Saivism and the Tantric Traditions
by Alexis Sanderson
Publication: Book Section (chap 36) of The World's Religions, ed. Stewart Sutherland, Leslie Houlden, Peter Clarke and Friedhelm Hardy, Routledge, GB
Language : English
This essay of reference leads us through the many forms of Shaivism (Saivism), here defined as "a number of distinct but historically related systems comprising theology, ritual, observance and yoga, which have been propagated in India as the teachings of the Hindu deity Siva. A Saiva is one who practices such a system. To understand the term to mean 'a worshipper of Siva' or 'one whose deity is Siva' is less precise; for a Saiva may well be a worshipper not of Siva but of the Goddess (Devi). Though she is commonly represented as the consort of Siva and, theologically, as that god's inherent power (sakti), it is nonetheless the defining mark of certain forms of Saivism that she is seen as transcending this marital and logical subordination."
The primacy given to the female element over the male one, which does not seem to have influenced the Khmer form of Shaivism and Tantric Buddhism -- where the union of the two principles is the spiritual aim --, inspires several specific tantric trends, including:
- The Cult of Guhyakali: "It is'a common phenomenon in the history of the Tantric traditions that such refinements as those of the Krama are quickly written into the lower, more concretely elaborated rituals which they sought to transcend. So there has flourished, from at least the tenth century to the present, a cult in which the mystical deity-schemata of the Krama are fleshed out with iconic form as the retinue of the Goddess Guhyakali. The source of this concretisation is the Tantric tradition of the Mata. In her three-faced and eight-armed form, Guhyakali's faces are worshipped as the three Mata goddesses Trailokyaqamara, Matacakresvari and Matalakasmi (=Ghoraghoratara). Thus she is seen as the transcendent unity of that tradition. Further, in her principal form she is virtually identical with the third of these goddesses. Eight- and finally fifty-four-armed, black and ten-faced, she dances on the body of Bhairava in the centre of a cremation ground."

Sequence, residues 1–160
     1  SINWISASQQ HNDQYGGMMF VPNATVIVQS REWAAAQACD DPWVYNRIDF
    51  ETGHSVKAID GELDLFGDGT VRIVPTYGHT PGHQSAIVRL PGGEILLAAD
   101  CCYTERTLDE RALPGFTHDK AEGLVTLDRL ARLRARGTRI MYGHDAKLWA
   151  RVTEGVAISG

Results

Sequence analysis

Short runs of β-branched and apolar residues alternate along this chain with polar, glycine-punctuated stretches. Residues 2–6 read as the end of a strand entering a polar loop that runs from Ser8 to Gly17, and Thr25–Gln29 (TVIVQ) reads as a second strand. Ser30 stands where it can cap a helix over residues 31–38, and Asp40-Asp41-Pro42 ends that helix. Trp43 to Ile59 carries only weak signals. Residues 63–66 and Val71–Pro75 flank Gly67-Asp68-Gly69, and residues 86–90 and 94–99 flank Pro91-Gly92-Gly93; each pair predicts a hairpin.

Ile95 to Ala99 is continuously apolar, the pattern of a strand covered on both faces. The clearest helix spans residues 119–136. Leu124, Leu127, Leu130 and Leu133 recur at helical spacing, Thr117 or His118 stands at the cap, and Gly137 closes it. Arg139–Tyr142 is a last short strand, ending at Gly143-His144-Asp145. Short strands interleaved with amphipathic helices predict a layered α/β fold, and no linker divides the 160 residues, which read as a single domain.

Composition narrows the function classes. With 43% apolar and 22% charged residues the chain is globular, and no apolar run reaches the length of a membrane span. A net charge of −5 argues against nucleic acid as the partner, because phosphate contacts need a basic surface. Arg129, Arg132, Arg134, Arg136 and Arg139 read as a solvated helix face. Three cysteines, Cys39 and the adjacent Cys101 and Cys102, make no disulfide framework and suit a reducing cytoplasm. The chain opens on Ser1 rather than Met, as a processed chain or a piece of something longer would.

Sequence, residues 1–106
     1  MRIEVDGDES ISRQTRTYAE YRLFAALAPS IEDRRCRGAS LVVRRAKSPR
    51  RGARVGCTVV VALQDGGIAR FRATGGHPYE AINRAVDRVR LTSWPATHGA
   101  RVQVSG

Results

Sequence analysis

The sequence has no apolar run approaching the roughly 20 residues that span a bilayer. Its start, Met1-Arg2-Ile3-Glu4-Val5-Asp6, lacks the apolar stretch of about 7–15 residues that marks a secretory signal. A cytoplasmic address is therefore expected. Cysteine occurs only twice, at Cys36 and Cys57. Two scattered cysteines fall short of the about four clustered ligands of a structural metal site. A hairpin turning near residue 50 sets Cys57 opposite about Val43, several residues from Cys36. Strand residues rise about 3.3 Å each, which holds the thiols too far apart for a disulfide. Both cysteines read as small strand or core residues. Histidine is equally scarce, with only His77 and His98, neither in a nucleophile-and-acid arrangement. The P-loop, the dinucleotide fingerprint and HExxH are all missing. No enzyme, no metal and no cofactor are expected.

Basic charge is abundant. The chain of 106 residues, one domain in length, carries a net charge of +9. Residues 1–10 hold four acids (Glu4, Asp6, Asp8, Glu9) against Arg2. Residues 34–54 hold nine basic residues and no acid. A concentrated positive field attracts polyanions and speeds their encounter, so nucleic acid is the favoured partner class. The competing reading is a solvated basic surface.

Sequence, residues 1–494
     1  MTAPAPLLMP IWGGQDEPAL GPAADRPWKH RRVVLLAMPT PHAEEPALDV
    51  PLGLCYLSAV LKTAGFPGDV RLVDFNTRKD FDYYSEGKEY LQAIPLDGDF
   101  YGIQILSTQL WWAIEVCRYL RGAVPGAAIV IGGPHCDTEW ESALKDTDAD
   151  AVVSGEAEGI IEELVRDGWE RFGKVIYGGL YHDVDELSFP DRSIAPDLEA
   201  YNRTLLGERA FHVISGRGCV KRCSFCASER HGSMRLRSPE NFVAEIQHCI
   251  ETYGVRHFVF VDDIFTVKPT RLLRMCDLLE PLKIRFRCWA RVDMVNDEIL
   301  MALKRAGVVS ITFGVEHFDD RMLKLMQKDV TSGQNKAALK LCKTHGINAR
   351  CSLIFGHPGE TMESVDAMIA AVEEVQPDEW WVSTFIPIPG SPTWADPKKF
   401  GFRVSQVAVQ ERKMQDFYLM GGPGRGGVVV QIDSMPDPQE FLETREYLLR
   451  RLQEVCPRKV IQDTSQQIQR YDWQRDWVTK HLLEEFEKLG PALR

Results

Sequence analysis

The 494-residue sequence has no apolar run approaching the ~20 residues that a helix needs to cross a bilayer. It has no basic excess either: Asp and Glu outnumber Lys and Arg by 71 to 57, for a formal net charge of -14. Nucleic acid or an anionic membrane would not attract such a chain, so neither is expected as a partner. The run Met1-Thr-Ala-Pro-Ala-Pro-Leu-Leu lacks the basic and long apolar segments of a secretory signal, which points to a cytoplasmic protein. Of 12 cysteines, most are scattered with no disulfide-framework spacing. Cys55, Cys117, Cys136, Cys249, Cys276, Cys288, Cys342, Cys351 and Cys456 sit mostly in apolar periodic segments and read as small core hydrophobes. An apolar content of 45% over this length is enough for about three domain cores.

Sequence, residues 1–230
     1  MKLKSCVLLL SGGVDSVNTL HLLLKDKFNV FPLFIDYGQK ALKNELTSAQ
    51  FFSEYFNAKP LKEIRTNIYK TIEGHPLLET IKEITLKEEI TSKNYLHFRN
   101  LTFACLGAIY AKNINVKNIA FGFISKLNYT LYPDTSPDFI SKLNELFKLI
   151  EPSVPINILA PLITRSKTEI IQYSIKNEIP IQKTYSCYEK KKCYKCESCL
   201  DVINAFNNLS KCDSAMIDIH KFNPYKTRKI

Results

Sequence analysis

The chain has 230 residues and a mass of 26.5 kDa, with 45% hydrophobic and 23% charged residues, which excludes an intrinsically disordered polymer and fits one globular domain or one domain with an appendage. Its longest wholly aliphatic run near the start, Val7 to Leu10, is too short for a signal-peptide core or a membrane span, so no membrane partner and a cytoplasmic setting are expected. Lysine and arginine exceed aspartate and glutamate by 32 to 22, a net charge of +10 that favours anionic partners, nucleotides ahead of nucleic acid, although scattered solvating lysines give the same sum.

- The Cult of Yoginis: "Accessible from the main cults of the Vidyapitha, and underlying them in a more or less constant form, is the more ancient cult of Rudra/Bhairava in association with female spirits (Yoginis). In the Atimarga and thence in the Mantramarga the series of cosmic levels (bhuvaniidhvan) is governed by Rudras. When the initiate passed into this subjacent tradition he found that this masculine hierarchy was replaced by ranks of wild, blood-drinking, skull-decked Yoginis. Radiating out from the heart of the Deity as an all-pervasive network of power (yoginijala), they re-populated this vertical order of the Saiva cosmos, appropriated the cycle of time (ruling as incarnations in each of the four world-ages (yuga), and irradiated sacred space by sending forth emanations enshrined and worshipped in power-seats (pitha) connected with cremation grounds throughout the sub-continent. The goal of the initiate was to force or entice these Yoginis to gather before him and receive him into their band (yoginigana), sharing with him their miraculous powers and esoteric knowledge. The time favoured for such invocations was the fourteenth night of the dark fortnight, the night of the day of spirits (bhtitadina); and the most efficacious site was the cremation ground, the foremost of their meeting-places. The Siva worshipped in these rites is Manthana-Rudra (or Manthana-Bhairava), a fourfaced and therefore secondary or archaic form. Not 'married' to the Goddess as in the cults of entry, he is rather the wild ascetic who leads the Yogini hordes (yoginigainaniiyaka)."
Photo: A representation of Goddess Guhyakali (from the essay).
About the Author
Alexis G. J. S. Sanderson (b. 1948) is an indologist and Emeritus Fellow of All Souls College at the University of Oxford, where he was Chair of Eastern Religions and Ethics until his retirement in 2015.
A scholar of Sanskrit and Indian religions, he specializes in Shaivism and esoteric Śaiva Tantra.
In 2003, he published, among numerous other publications, "The Śaiva Religion Among the Khmers", Part I." (Part I: Bulletin de l’Ecole française d’Extrême-Orient, 90-91 (2003–2004), pp. 349–463).